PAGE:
Center for Wooden Boats Sunday Public Sail
Distance from downtown Seattle: 4.5 miles The Center for Wooden Boats is a free, hands-on maritime museum where visitors can explore the history of Lake Union and its wooden boat culture through workshops, exhibits, and sailing. For more than 25 years, they’ve made it a tradition to invite the public for a free Sunday sail; arrive around 10 a.m. to take your pick of a sprit boat, steamboat, electric boat, schooner, ketch, yawl, or yacht, and enjoy the ride! More information found here.
The Compline Choir
Distance from downtown Seattle: 2.5 miles Yes, it sometimes does rain in Seattle. But when it does, there is still adventure to be had; every Sunday evening at St. Mark’s Episcopal Church on Capitol Hill, the Compline Choir will take you back in time and to another world with their performance of a series of calming prayers in a beautiful combination of chant and song. Visitors are known to bring blankets and lay on the church floor, relaxing while soaking up meditative music in the beautiful old cathedral. All are welcome for this centering way to end the weekend and welcome in the new week. More information found here.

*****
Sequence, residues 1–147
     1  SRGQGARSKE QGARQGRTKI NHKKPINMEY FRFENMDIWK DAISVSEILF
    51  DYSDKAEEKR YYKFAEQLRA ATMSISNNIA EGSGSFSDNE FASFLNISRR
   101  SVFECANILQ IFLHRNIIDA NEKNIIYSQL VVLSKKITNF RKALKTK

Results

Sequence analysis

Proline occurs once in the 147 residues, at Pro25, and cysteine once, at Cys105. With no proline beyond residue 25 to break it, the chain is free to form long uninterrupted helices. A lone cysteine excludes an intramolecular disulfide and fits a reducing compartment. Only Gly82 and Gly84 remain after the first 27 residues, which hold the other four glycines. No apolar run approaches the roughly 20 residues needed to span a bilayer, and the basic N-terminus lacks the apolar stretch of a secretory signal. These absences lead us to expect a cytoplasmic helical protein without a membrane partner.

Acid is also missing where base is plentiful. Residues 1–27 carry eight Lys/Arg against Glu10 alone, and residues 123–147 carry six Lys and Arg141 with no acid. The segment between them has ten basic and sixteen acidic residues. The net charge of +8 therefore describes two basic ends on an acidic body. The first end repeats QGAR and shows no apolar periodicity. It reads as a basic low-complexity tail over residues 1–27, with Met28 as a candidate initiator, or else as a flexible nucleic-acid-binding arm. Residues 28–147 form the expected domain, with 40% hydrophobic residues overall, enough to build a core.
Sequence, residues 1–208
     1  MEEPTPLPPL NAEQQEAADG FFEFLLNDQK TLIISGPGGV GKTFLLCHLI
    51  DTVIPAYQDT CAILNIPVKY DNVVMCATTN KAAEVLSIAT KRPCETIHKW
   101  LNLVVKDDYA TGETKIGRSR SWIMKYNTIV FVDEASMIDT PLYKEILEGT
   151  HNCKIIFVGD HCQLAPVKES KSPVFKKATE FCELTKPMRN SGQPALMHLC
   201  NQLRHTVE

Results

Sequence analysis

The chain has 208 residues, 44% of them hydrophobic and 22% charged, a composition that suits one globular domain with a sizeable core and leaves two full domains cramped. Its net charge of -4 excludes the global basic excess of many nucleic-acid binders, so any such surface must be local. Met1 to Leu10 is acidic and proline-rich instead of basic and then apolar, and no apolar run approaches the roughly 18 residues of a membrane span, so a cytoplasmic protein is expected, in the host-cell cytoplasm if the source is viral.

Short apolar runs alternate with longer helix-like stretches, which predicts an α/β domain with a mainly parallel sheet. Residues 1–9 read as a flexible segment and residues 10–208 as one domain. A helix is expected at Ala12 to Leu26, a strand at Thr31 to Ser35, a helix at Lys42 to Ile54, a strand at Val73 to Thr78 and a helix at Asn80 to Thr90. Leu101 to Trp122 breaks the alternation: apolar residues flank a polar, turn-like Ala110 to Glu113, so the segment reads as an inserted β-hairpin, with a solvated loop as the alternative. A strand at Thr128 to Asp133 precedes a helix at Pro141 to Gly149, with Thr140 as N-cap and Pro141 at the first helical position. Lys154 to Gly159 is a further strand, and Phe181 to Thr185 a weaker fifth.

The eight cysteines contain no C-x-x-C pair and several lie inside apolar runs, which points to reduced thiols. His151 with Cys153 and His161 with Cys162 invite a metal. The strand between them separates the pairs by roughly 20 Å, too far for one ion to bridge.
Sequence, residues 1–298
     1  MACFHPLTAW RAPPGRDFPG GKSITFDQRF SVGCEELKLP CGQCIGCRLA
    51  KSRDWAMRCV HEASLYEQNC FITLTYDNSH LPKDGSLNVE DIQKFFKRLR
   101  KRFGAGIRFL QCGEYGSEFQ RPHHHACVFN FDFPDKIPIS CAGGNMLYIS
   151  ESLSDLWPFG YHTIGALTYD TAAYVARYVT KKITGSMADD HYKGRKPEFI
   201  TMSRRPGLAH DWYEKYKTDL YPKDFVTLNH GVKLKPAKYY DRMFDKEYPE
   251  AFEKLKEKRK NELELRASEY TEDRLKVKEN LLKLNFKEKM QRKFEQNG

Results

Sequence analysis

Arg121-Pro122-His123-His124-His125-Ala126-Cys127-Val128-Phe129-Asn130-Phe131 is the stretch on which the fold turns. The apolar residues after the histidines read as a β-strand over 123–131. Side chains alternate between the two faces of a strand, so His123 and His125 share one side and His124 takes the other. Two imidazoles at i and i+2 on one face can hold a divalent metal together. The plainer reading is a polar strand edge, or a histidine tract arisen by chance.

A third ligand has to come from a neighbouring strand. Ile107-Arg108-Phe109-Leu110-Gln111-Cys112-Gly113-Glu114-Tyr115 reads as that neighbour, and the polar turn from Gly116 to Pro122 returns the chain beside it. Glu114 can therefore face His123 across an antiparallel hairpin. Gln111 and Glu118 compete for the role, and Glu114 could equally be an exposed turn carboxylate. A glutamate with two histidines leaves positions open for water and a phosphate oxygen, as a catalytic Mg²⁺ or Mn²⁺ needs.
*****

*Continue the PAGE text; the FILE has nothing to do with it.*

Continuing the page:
Outdoor recreation activities near Seattle
Bike to Bainbridge Island
Distance from downtown Seattle: 35-minute ferry ride Nestled in the scenic Puget Sound less than an hour from Seattle, Bainbridge Island offers the perfect escape from the city, and is close enough for a day (or half-day) trip. A short ferry ride will transport you to a world of quiet roads, rolling hills, and communities that are certainly enjoying “island time.” Spend your day biking the 35-mile loop around the island, or just take it easy and explore art galleries and restaurants close to town. You can use your own bikes or rent them from shops found within walking distance from both the Seattle and Bainbridge Island ferry terminals. I recommend leaving your car in Seattle. More information found here.